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Thursday, June 21, 2012

America’s long slope down | David Cay Johnston

Reuters columnist David Cay Johnston is the president of Investigative Reporters & Editors (IRE), an education organization with 4,200 members. A 13-year veteran of The New York Times, David won the Pulitzer Prize in 2001 for enterprise reporting that uncovered loopholes and inequities in the U.S. tax code. He wrote the best selling tax books Perfectly Legal, which won an IRE medal, and Free Lunch. His latest book, The Fine Print: How Big Companies Use "Plain English" to Rob You Blind, will be published in September.

A broad swath of official economic data shows that America and its people are in much worse shape than when we paid higher taxes, higher interest rates and made more of the manufactured goods we use.
The numbers since the turn of the millennium point to even worse times ahead if we stay the course. Let’s look at the official numbers in today’s dollars and then what can be done to change course.
First, incomes and jobs since 2000 measured per American:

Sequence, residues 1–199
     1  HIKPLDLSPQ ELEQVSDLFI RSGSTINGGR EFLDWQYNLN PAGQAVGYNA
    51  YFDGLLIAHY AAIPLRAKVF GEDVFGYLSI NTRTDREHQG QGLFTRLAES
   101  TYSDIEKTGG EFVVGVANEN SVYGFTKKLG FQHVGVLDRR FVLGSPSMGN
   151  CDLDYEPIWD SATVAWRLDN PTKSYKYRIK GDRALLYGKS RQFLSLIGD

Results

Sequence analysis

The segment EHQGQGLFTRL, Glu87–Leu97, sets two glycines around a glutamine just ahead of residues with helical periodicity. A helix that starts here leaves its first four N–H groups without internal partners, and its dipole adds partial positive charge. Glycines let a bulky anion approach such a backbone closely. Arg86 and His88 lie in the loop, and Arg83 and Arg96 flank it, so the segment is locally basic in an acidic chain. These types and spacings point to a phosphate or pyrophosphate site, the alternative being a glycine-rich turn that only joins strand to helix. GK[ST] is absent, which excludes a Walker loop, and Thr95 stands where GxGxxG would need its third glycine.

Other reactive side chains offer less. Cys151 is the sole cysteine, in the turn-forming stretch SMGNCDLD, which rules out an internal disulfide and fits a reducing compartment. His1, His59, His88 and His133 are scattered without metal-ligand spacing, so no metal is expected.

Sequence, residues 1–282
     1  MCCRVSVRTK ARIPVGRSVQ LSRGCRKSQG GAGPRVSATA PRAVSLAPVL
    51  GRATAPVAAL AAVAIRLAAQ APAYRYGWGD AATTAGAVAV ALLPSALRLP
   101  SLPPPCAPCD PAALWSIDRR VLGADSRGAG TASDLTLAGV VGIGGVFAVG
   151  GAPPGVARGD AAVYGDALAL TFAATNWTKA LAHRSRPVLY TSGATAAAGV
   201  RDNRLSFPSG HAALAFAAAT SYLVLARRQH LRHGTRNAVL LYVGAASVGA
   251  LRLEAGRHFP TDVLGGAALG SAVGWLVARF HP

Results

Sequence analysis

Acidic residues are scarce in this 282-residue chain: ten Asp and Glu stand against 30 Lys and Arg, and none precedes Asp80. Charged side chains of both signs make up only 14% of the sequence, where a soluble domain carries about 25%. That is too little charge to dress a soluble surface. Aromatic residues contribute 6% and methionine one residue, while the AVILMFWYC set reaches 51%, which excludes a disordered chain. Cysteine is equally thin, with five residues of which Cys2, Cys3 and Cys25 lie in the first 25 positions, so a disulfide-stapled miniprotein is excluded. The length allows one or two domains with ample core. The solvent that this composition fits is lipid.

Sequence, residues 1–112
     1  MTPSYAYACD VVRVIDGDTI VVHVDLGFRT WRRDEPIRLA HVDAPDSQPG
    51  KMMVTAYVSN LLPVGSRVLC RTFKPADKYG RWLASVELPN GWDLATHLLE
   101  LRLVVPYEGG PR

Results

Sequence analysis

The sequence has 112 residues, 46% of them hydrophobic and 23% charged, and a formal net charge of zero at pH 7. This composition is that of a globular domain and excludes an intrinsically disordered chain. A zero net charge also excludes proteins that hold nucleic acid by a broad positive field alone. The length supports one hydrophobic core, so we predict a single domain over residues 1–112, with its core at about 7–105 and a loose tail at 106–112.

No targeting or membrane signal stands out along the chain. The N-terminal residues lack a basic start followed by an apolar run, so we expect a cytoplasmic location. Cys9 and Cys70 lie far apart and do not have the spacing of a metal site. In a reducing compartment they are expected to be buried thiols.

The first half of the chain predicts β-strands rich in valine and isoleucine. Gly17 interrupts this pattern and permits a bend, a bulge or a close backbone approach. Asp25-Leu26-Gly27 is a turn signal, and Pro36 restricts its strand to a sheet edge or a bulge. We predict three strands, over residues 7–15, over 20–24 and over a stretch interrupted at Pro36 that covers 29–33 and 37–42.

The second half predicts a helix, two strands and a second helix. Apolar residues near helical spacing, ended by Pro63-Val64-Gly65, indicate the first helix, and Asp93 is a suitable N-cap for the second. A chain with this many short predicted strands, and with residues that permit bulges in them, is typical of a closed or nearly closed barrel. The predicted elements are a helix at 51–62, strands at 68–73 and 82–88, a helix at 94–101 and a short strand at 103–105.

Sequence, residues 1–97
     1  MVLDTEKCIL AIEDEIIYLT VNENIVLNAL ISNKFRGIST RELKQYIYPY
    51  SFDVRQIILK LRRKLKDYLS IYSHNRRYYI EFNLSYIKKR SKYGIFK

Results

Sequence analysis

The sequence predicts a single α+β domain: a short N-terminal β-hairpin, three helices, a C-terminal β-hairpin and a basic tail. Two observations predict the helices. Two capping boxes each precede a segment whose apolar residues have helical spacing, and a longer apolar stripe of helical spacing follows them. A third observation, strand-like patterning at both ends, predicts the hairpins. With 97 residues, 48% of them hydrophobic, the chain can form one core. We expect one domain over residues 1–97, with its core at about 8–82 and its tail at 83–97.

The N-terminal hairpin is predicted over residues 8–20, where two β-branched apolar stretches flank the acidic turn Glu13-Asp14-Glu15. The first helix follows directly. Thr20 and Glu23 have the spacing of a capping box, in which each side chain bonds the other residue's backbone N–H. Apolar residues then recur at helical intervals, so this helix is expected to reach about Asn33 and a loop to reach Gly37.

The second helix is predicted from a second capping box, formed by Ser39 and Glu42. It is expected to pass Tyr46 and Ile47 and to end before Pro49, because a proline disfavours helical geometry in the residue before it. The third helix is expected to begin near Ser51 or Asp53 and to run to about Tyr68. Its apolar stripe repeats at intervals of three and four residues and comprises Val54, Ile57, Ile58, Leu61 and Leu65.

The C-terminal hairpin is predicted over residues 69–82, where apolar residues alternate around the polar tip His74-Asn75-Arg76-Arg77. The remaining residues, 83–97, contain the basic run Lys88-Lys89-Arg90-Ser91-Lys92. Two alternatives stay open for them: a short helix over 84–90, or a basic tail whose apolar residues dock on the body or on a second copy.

Internal Revenue Service data show that average adjusted gross income fell $2,699 through 2010 or 9 percent, compared to 2000. That’s the equivalent of making it through Thanksgiving weekend and then having no income for the rest of the year.
Had average incomes just stayed at the level in 2000, Americans through 2009 would have earned $3.5 trillion more income, the equivalent of $26,000 per taxpayer over a decade. Preliminary 2010 data show a partial rebound, reducing the shortfall by a fifth to $2.8 trillion or $21,000 per taxpayer.
Wages per capita in 2010 were 4.3 percent less than in 2000, effectively reducing to 50 weeks the pay for 52 weeks of work. The median wage in 2010 fell back to the level of 1999, with half of workers grossing less than $507 a week, half more, Social Security tax data show. The bottom third, 50 million workers, averaged just $116 a week in 2010.

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